This post opens a symposium on Elizabeth Anderson’s Private Government: How Employers Rule Our Lives (and Why We Don’t Talk about It). Read the complete symposium here.
Frank Pasquale –
Work can go wrong in many ways. Ship breakers in Bangladesh routinely die as they try to dismantle abandoned vessels with acetylene torches. Meat cutters in Iowa suffer repetitive stress injuries during twelve-hour shifts on carcass-filled assembly lines. Truckers can endure a modern-day version of indentured servitude, forced to pay for the very vehicles they use to do their job. Retail bosses pressure sales staff to accept lower pay so their beleaguered brick-and-mortar stores can keep up with Amazon—which maintains its own competitive edge with a workplace culture reminiscent of Glengarry Glen Ross. The upper echelons of other tech workplaces are no Elysian Fields of job satisfaction, either: An avalanche of sexual harassment claims is overwhelming Silicon Valley, and burnout is endemic at struggling startups.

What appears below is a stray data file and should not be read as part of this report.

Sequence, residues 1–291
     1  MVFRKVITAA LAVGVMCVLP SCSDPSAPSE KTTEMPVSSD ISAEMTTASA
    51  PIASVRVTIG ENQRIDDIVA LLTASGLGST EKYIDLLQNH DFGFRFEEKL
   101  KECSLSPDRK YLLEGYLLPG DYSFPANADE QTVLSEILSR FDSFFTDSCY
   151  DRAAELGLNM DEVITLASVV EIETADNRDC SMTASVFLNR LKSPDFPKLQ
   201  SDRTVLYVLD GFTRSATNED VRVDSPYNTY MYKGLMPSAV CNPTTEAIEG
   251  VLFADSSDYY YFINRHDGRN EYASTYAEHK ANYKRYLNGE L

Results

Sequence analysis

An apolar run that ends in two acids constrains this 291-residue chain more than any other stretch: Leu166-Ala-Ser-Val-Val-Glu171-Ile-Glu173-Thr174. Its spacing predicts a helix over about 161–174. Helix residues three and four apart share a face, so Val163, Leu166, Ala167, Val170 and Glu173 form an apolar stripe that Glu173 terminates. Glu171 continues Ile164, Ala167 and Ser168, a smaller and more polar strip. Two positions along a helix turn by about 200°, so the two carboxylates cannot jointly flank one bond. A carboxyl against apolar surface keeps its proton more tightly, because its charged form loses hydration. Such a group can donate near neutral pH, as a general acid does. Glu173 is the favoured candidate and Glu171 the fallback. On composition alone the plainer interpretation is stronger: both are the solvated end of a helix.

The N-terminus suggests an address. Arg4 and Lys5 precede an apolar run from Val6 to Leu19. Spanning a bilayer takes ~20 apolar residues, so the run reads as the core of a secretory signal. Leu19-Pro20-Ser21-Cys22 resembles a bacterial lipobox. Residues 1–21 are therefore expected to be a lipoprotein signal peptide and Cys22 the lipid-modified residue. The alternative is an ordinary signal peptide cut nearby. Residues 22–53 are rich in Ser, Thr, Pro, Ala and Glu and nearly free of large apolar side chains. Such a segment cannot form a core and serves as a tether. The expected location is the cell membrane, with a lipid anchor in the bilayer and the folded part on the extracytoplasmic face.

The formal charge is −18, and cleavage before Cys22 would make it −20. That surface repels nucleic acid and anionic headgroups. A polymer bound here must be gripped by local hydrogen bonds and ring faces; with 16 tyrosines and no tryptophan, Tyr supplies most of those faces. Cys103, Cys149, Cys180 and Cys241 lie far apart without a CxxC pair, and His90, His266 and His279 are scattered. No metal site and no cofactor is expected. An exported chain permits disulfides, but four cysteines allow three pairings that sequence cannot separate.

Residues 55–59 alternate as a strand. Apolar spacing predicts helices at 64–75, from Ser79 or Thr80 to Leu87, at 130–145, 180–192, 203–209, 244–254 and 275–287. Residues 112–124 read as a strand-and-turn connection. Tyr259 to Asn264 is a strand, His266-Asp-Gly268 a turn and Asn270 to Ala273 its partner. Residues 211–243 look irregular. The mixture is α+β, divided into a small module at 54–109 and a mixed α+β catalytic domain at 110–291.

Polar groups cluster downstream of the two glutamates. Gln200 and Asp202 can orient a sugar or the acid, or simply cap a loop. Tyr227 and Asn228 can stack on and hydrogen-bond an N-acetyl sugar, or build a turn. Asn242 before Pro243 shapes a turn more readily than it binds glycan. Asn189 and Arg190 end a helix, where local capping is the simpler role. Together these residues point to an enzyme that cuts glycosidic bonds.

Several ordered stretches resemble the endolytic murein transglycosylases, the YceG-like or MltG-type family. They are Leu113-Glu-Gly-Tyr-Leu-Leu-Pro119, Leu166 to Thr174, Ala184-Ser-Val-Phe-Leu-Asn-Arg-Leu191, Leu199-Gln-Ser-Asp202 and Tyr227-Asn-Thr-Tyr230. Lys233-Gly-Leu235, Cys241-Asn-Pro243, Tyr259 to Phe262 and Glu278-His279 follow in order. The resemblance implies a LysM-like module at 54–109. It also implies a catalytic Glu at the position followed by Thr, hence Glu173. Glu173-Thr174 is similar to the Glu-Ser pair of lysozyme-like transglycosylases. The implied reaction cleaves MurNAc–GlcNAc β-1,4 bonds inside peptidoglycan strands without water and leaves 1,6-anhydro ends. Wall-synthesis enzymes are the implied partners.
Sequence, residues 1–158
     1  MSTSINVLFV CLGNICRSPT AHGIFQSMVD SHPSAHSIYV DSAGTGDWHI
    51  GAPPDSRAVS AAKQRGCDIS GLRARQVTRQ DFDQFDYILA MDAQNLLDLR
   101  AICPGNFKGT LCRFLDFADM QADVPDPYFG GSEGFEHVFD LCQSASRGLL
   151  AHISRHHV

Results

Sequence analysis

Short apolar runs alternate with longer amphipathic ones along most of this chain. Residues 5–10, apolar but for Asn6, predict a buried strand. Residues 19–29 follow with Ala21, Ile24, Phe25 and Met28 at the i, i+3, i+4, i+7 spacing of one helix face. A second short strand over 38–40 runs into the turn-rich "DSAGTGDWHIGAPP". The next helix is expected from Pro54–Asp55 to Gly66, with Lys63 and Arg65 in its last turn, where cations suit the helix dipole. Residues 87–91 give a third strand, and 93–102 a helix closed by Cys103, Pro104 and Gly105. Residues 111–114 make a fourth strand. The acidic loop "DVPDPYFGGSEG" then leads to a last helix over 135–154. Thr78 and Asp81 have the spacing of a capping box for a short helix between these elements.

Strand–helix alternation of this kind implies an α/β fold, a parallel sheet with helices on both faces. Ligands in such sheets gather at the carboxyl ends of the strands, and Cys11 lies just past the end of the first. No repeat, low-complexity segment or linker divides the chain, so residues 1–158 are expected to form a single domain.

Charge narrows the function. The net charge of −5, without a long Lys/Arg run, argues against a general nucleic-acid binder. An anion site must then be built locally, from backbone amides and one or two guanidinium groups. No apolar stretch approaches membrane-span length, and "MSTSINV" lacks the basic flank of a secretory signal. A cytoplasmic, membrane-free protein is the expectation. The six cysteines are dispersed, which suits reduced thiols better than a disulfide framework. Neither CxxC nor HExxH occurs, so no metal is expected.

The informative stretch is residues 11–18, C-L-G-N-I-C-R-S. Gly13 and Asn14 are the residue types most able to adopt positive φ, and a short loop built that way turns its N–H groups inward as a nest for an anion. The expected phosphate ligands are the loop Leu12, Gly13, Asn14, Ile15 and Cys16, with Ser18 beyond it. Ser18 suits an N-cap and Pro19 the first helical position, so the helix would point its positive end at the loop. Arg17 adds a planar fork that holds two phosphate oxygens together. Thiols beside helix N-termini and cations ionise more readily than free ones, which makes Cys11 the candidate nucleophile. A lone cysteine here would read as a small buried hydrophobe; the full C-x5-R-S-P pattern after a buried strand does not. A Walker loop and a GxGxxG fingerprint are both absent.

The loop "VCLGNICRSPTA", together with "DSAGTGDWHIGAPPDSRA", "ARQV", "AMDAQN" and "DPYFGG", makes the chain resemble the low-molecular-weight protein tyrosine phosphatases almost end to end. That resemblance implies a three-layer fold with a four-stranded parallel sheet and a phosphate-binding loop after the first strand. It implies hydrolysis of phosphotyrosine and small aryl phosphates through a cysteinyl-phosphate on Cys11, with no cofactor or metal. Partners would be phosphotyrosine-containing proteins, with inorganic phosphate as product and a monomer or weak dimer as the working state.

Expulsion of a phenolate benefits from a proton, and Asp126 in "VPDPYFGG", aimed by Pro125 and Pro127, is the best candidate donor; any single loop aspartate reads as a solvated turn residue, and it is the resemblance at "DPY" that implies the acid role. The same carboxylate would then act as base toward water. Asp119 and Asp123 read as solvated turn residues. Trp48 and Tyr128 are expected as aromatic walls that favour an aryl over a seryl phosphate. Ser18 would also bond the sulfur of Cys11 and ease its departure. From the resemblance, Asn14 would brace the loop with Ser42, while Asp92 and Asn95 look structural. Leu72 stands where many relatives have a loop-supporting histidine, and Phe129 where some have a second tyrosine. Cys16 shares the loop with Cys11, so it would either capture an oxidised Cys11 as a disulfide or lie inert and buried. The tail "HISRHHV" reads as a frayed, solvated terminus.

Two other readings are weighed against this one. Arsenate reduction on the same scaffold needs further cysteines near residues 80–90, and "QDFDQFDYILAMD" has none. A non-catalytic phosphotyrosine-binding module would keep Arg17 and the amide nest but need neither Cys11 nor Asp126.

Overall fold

It might seem odd to discuss all these problems together—for example, Amazon developers appear to have little in common with day laborers. But good social theory aims to illuminate unexpected connections. Elizabeth Anderson’s bold Private Government is a firm foundation for twenty-first-century civic education in workplace democracy. Anderson exposes the inevitably political dimensions of work. And she leaves us in no doubt that for employees the workplace is tyrannical, ruled by the whims of exploitative and mercurial bosses.